TX is amazing. Each module has so many parameters and controls, and they're all visible and accessible. I used to read about all the wonderful SC modules, but I was always bummed out because I couldn't code well enough to make all that power accessible. Now anyone can.

Well, if you get it all installed, that is.

TX was made for people who don't know how to code SC... but you kind of have to get under the hood a little bit if you don't have a Mac and thus can't use the stand alone version. If anyone needs a little guidance on how to put it all together, here is my clumsy shot at providing it. Please, if others have improvements or additions, LMK and I'll add them.

Download the latest version of Supercollider and install. Download SC3plugins, unzip it, and put it in the Supercollider Extensions directory. Download all the quarks in a single file here , unzip, and put downloaded-quarks in the SuperCollider directory also.

Now download TX Modular and follow the README directions: put the TX Modular Extensions folder in the Extensions folder, and the TX Modular folder in the Supercollider directory.

Launch SC. Hopefully it will compile without an error message. Now you have to install some quarks, or at least wslib. Type Quarks.gui, leave your cursor at the end of that, and make the command execute by pressing Ctrl+Enter. (You have to do that to make SC do anything.) Select the quarks you want - at least wslib - and click Install. Close the Quarks gui.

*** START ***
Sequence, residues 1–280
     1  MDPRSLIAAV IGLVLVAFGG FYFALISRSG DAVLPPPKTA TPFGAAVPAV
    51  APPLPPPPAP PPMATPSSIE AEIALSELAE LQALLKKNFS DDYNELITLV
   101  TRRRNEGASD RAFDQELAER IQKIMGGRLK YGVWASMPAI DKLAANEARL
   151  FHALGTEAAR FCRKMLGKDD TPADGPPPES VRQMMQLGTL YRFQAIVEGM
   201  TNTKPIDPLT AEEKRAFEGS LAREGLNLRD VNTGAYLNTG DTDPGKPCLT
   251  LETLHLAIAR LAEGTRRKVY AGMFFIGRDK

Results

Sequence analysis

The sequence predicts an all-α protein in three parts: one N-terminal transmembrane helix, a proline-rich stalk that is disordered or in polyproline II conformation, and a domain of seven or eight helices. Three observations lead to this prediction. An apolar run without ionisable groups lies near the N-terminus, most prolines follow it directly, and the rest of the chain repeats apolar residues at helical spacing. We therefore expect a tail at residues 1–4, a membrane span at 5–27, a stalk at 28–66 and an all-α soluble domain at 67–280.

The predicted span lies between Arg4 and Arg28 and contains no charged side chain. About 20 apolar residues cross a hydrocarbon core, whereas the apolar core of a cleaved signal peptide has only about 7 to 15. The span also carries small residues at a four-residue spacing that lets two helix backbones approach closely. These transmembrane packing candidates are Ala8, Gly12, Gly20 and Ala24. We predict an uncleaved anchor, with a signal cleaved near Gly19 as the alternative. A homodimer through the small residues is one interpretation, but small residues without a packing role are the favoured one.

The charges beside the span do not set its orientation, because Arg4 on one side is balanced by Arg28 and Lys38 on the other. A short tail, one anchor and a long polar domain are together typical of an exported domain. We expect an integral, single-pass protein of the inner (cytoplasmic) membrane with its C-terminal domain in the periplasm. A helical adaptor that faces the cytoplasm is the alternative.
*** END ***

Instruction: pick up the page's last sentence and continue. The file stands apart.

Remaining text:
Now find the Start TX Modular icon in your TX Modular directory. Take a deep breath. Double click it. If you're lucky, TX Modular will launch.

When it launches you'll see this in your Code Editor window:

// To start the TX Modular system:

// To start the TX Modular system with default audio options:
TXSystem1.start(showAudioOptions: false);

You will probably click on one or the other of those lines of code (you probably want the second one). And nothing will happen. Why? Because to get SC to do anything, you have to put your cursor anywhere on the line or block of code you want to execute, and then press Ctrl+Enter. Do that now, with the 'default audio options' option. TX should launch its interface window. You may have to rummage among your windows to find it; on my system it doesn't automatically appear on top. Now find and click the HELP button.

You have arrived in a new world. Go through the tutorial, and you'll be on your way.
Thank You for posting.
I've been away from SC since I got Kyma but maybe there's something here that'll bring me back